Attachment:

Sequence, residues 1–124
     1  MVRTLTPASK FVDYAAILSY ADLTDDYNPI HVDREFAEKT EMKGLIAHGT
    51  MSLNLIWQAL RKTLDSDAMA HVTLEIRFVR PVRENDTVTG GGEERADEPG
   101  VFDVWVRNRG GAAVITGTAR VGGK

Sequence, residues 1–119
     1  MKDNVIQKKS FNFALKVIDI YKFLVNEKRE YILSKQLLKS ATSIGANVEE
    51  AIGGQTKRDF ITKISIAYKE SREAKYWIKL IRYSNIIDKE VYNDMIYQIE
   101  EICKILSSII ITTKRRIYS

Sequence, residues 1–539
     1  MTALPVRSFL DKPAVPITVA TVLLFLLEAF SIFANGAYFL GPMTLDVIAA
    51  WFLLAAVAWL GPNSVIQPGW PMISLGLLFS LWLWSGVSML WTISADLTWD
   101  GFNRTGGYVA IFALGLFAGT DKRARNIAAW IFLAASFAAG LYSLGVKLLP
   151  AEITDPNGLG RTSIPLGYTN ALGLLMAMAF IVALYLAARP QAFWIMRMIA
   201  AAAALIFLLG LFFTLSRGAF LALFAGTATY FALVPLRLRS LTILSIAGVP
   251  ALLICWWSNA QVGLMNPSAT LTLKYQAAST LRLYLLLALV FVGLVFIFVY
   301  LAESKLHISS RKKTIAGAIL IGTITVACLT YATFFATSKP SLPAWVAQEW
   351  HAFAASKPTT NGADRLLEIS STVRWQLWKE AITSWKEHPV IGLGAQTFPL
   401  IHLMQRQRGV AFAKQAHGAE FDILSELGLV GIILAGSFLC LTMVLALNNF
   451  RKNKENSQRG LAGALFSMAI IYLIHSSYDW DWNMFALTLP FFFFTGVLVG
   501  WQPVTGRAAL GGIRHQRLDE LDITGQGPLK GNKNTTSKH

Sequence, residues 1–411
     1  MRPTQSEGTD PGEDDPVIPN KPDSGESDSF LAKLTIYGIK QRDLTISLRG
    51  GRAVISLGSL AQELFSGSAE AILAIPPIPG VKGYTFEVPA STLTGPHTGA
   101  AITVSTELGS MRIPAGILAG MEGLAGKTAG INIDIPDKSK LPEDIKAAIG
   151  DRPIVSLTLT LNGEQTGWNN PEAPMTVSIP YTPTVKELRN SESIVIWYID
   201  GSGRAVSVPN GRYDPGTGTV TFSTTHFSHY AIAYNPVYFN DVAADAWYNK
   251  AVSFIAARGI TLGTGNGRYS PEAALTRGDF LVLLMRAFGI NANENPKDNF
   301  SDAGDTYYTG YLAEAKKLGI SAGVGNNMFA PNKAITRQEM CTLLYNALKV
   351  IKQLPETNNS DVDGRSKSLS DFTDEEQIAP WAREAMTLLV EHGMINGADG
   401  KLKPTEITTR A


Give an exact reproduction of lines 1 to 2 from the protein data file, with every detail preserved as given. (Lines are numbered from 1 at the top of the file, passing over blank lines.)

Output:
Sequence, residues 1–124
     1  MVRTLTPASK FVDYAAILSY ADLTDDYNPI HVDREFAEKT EMKGLIAHGT